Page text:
The county government shall designate county departments, cities and urban areas, sub-counties and Wards as planning authorities of the county.

(4)

To promote public participation, non-state actors shall be incorporated in the planning processes by all authorities.

(5)

County plans shall be binding on all sub-county units for developmental activities within a County.

105.
Planning in the county
(1)

A county planning unit shall be responsible for—

(a)

coordinating integrated development planning within the county;

(b)

ensuring integrated planning within the county;

(c)

ensuring linkages between county plans and the national planning framework;

(d)

ensuring meaningful engagement of citizens in the planning process;

(e)

ensuring the collection, collation, storage and updating of data and information suitable for the planning process; and

(f)

ensuring the establishment of a GIS based database system.

(2)

The designated planning authority in the county shall appropriately organise for the effective implementation of the planning function within the county.

106.
Integrating national and county planning
(1)

Cooperation in planning shall be undertaken in the context of the law governing inter-governmental relations.

(2)

County plans shall be based on the functions of the county governments as specified in the Fourth Schedule to the Constitution and on relevant national policies.

(3)

County plans shall take due cognisance of the financial viability of development programmes.

(4)

County planning shall provide for citizen participation.

107.
Types and purposes of county plans
(1)

To guide, harmonize and facilitate development within each county there shall be the following plans—

(a)

county integrated development plan;

(b)

county sectoral plans;

(c)

county spatial plan; and

(d)

cities and urban areas plans as provided for under the Urban Areas and Cities Act (No. 13 of 2011).

(2)

The County plans shall be the basis for all budgeting and spending in a county.

108.
County integrated development plan
(1)

There shall be a five year county integrated development plan for each county which shall have—

(a)

clear goals and objectives;

(b)

an implementation plan with clear outcomes;

(c)

provisions for monitoring and evaluation; and

(d)

clear reporting mechanisms.

(2)

Each county integrated development plan shall at least identify—

(a)

the institutional framework, which shall include an organization chart, required for—

(i) the implementation of the integrated development plan; and
(ii) addressing the county’s internal transformation needs;
(b)

as informed by the strategies and programmes set out in the plan—

(i) any investment initiatives in the county;
(ii) any development initiatives in the county, including infrastructure, physical, social, economic and institutional development;
(iii) all known projects, plans and programs to be implemented within the county by any organ of state; and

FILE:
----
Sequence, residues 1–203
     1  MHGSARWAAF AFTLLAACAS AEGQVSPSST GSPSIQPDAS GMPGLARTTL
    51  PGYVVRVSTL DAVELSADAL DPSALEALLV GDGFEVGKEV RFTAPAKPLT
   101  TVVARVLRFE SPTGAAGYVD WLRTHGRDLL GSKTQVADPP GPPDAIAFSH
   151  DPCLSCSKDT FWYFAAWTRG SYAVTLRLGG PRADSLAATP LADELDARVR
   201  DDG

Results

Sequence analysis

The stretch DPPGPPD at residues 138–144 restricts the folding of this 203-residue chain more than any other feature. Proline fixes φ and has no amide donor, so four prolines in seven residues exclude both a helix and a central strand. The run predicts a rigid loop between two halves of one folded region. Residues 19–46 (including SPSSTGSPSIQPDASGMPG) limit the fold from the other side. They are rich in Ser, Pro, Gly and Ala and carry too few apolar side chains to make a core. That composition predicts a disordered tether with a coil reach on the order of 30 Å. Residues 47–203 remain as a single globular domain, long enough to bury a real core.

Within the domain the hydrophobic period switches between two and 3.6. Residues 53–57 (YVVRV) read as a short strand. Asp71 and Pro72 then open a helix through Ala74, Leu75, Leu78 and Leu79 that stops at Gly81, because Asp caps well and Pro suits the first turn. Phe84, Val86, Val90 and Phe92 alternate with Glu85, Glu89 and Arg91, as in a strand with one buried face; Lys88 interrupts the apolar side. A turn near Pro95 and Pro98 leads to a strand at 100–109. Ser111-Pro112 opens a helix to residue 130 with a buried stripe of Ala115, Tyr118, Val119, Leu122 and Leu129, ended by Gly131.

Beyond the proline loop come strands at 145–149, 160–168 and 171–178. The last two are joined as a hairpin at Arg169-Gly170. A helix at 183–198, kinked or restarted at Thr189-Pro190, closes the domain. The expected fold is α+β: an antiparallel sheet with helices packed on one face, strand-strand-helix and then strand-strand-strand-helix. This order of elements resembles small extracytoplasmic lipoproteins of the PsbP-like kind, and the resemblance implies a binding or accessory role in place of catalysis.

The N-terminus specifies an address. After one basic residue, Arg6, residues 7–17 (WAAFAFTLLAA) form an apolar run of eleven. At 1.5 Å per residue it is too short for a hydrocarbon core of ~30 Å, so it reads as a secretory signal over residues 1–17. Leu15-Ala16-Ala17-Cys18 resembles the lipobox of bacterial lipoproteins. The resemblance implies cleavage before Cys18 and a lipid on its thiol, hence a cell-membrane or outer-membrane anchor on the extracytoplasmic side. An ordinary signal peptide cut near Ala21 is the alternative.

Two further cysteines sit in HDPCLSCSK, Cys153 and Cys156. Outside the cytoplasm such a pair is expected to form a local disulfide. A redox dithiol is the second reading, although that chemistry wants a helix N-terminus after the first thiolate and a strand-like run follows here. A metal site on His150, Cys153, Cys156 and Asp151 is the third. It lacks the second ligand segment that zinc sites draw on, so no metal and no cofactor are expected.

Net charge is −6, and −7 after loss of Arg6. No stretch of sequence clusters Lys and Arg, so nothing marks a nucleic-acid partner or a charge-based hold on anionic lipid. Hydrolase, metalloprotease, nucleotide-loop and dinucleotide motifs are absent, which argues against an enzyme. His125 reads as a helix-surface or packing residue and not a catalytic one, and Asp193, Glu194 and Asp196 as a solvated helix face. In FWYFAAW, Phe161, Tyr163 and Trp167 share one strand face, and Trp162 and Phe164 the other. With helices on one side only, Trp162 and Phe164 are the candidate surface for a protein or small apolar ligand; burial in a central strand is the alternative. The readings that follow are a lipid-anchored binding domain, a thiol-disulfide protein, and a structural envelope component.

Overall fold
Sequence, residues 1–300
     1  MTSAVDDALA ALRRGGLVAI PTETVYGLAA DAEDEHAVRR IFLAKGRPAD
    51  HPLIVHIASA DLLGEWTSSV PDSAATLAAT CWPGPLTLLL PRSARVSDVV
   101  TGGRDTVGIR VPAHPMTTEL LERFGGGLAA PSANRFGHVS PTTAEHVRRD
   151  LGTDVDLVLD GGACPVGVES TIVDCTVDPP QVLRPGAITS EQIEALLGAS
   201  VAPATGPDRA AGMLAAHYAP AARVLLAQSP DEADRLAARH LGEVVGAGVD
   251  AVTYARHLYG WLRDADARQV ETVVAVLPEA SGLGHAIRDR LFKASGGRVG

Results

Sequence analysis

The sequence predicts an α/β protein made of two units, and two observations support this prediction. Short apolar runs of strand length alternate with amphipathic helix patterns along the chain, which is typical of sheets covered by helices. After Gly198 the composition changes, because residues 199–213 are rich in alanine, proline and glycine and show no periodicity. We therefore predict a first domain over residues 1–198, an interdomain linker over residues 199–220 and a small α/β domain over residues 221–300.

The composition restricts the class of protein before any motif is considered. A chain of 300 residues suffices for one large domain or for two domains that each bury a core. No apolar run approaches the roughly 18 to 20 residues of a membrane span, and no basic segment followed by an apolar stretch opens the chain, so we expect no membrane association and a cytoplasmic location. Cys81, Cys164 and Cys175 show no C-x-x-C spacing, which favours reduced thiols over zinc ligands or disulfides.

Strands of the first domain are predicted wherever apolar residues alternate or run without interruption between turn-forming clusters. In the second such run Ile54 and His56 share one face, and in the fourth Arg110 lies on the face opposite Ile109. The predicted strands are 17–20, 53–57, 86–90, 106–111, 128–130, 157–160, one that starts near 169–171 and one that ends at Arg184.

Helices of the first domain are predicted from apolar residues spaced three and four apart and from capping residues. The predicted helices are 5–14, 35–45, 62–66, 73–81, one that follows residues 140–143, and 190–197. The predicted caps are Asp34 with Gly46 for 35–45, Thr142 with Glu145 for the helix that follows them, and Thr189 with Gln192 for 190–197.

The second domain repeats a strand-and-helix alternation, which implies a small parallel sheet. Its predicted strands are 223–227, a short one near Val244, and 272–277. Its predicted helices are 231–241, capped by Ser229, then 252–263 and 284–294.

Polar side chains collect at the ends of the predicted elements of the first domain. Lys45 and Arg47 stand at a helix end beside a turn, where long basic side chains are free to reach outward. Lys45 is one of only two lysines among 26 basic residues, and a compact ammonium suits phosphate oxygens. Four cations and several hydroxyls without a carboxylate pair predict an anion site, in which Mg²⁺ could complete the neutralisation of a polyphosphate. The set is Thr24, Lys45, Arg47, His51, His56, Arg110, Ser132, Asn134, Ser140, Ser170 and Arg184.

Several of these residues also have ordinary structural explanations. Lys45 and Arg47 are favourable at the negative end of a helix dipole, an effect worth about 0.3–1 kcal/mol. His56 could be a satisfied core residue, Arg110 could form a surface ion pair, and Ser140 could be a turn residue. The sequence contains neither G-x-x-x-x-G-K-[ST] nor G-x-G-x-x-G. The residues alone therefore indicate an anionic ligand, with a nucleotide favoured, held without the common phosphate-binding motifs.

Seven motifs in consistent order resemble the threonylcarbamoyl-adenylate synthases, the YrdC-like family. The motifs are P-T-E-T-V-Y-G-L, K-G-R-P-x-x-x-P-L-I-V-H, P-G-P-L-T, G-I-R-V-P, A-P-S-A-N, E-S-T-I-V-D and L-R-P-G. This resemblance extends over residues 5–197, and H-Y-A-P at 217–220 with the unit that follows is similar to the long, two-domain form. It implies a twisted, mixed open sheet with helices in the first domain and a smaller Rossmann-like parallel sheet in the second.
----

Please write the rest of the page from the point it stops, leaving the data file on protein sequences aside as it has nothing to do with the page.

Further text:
(iv) the key performance indicators set by the county.
(3)

An integrated development plan shall—

(a)

have attached to it maps, statistics and other appropriate documents; or

(b)

refer to maps, statistics and other appropriate documents that are not attached but held in a GIS based database system:

Provided that the plans under paragraphs (a) and (b) are open for public inspection at the offices of the county in question.

(4)

A resource mobilization and management framework shall be reflected in a county’s integrated development plan and shall at least—

(a)

include the budget projection required under the law governing county government financial management;

(b)

indicate the financial resources that are available for capital project developments and operational expenditure; and

(c)

include a financial strategy that defines sound financial management and expenditure control: as well as ways and means of increasing revenues and external funding for the county and its development priorities and objectives, which strategy may address the following—

(i) revenue raising strategies;
(ii) asset management strategies;
(iii) financial management strategies;
(iv) capital financing strategies;
(v) operational financing strategies; and
(vi) strategies that would enhance cost-effectiveness.
109.
County sectoral plans
(1)

A County department shall develop a ten year county sectoral plan as component parts of the county integrated development plan.

(2)

The County sectoral plans shall be—

(a)

programme based;

(b)

the basis for budgeting and performance management; and

(c)

reviewed every five years by the county executive and approved by the county assembly, but updated annually.

110.
County spatial plans
(1)

There shall be a ten year county GIS based database system spatial plan for each county, which shall be a component part of the county integrated development plan providing—

(a)